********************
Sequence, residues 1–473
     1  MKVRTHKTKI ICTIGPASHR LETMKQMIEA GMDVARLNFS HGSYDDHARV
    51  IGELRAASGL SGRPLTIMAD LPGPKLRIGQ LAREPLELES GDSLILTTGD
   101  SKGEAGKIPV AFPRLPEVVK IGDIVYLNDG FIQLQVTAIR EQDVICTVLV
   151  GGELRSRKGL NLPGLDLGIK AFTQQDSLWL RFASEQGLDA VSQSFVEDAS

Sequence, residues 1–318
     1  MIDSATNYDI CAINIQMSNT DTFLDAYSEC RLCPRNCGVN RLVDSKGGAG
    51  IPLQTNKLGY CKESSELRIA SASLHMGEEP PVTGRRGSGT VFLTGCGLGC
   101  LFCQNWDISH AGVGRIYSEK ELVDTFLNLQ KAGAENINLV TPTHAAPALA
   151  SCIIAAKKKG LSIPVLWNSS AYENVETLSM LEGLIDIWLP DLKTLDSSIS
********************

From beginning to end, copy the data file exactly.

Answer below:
Sequence, residues 1–473
     1  MKVRTHKTKI ICTIGPASHR LETMKQMIEA GMDVARLNFS HGSYDDHARV
    51  IGELRAASGL SGRPLTIMAD LPGPKLRIGQ LAREPLELES GDSLILTTGD
   101  SKGEAGKIPV AFPRLPEVVK IGDIVYLNDG FIQLQVTAIR EQDVICTVLV
   151  GGELRSRKGL NLPGLDLGIK AFTQQDSLWL RFASEQGLDA VSQSFVEDAS

Sequence, residues 1–318
     1  MIDSATNYDI CAINIQMSNT DTFLDAYSEC RLCPRNCGVN RLVDSKGGAG
    51  IPLQTNKLGY CKESSELRIA SASLHMGEEP PVTGRRGSGT VFLTGCGLGC
   101  LFCQNWDISH AGVGRIYSEK ELVDTFLNLQ KAGAENINLV TPTHAAPALA
   151  SCIIAAKKKG LSIPVLWNSS AYENVETLSM LEGLIDIWLP DLKTLDSSIS